No one's preferences are inherently better than another's, although learning from those we respect can shape our perspectives and our preferences in turn. It's important in all relationships to compare and contrast--to enjoy the similarities and respect the differences. Indeed, true connection is possible only through an open mind that allows others their boundaries and what works for them without jumping to the warped conclusion that their choices and values violate ours. There is nothing like love to show one the world from another's eyes, and this exposure can transmute negative judgments. Transmutation doesn't necessarily transform the lead of negativity into the gold of positivity, but it can let one see into lead so deeply one sees the gold.
Daily Healthy Sex Acts:
“One moves from an innocent wholeness, in which the inner world and the outer world are united, to a separation and differentiation between the inner and outer worlds with an accompanying sense of life's duality, and then, hopefully, at last to sartori or enlightenment--a conscious reconciliation of the inner and outer once again in harmonious wholeness." ~ Robert A. Johnson
Human beings have a paradoxical need to be affiliated with others while simultaneously maintaining a sense of independence. Knowing who we are in a relationship means, in part, that we give a partner the space and respect to do the same. We call this process differentiation: the ability not to overreact to our partner's upset and to operate autonomously even though our partner may want things his or her way. The challenge is to hearken to our partner's needs and requests while tolerating the tension inherent in every healthy relationship. We all have to learn to live with the give-and-take that accompanies being with someone and loving that person deeply. Differentiation demands that we know our own patterns and are willing to work with and on them--to combat our self-centeredness or shame rather than to be an emotional victim or perpetrator.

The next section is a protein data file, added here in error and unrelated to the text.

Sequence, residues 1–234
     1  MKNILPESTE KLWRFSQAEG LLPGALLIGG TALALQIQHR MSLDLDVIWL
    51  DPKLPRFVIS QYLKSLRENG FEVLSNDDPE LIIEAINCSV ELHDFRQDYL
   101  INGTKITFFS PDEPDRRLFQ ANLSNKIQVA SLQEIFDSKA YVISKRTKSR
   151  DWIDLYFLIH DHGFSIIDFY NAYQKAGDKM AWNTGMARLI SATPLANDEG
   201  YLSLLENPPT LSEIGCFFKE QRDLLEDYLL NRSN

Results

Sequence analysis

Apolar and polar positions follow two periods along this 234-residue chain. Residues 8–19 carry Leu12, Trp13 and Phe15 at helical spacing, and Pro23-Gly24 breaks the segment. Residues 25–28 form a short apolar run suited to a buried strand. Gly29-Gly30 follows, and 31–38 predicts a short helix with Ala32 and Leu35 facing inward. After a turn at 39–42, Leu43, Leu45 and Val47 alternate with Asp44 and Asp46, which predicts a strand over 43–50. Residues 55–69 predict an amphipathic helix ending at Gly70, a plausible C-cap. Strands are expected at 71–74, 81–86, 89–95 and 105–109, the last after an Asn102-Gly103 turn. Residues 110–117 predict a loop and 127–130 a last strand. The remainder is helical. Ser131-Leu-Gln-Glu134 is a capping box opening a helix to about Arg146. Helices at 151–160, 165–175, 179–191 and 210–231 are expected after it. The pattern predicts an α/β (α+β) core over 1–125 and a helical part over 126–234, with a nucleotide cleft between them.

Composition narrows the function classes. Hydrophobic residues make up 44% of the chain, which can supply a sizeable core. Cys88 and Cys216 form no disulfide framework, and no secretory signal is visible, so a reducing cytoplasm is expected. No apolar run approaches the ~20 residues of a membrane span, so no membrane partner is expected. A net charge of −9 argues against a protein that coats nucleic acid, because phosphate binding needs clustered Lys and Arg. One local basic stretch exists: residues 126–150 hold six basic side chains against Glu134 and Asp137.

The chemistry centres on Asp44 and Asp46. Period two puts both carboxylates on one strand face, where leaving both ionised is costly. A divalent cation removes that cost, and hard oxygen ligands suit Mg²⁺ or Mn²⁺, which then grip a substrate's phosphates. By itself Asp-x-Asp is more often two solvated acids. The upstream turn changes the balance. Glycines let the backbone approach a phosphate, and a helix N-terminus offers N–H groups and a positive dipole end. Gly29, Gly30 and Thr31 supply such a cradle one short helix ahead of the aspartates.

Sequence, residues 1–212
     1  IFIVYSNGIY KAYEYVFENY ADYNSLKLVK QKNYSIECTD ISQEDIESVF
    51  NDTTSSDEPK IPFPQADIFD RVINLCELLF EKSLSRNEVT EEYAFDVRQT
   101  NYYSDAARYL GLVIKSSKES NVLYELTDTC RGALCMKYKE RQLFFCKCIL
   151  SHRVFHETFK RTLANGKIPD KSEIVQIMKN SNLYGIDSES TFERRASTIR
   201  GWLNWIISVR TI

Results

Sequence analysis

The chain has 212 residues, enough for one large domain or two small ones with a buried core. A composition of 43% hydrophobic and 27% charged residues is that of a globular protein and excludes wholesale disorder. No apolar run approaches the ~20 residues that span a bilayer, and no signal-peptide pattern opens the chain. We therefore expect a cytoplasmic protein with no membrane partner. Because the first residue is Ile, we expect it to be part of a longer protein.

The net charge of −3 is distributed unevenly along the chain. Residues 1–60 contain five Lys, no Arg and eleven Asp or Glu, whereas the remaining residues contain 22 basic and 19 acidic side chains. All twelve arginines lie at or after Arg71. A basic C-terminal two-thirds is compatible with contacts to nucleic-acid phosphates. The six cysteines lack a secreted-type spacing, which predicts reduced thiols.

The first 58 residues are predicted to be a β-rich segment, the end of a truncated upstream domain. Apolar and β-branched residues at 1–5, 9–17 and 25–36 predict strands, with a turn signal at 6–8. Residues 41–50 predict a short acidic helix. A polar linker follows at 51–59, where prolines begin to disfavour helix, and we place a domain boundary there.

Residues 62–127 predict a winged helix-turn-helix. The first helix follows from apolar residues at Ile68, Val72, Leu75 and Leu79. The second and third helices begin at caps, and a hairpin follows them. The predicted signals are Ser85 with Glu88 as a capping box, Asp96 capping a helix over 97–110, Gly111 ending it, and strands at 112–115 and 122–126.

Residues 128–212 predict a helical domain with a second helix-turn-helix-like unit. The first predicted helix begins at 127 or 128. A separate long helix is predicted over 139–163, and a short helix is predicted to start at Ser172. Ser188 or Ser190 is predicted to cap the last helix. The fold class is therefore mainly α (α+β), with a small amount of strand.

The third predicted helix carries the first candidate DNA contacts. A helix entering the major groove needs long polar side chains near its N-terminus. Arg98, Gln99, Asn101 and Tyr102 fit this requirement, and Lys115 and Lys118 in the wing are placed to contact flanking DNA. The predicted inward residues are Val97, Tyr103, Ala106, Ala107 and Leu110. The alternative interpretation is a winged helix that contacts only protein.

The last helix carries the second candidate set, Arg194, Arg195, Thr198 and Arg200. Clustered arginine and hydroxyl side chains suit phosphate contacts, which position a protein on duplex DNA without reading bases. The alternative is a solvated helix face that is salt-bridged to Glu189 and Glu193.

Seeking differentiation in a love relationship reminds us that the first step towards intimacy is intimacy with ourselves. To love ourselves with another requires that we grow up, because only then can the real work of intimacy begin. Your partner can love and support you, but you have to change your fundamental patterned responses that don't work. Creating a healthy relationship means you nurture your differentiated self while connecting closely with the one you love to create a healthy interdependency. Choosing this balance gives you space for an honest exploration of sexuality with each other to the depth of your hearts and spirits, because part of differentiation is speaking your truth. Intimacy reveals new ways to know your partner, share your struggles, request your needs be met, stay open to change, and keep dreams alive.
Daily Healthy Sex Acts:
Sign up here to receive free Daily Meditations by email written by Alexandra Katehakis and Tom Bliss of Center for Healthy Sex to help you develop sexual and emotional intimacy.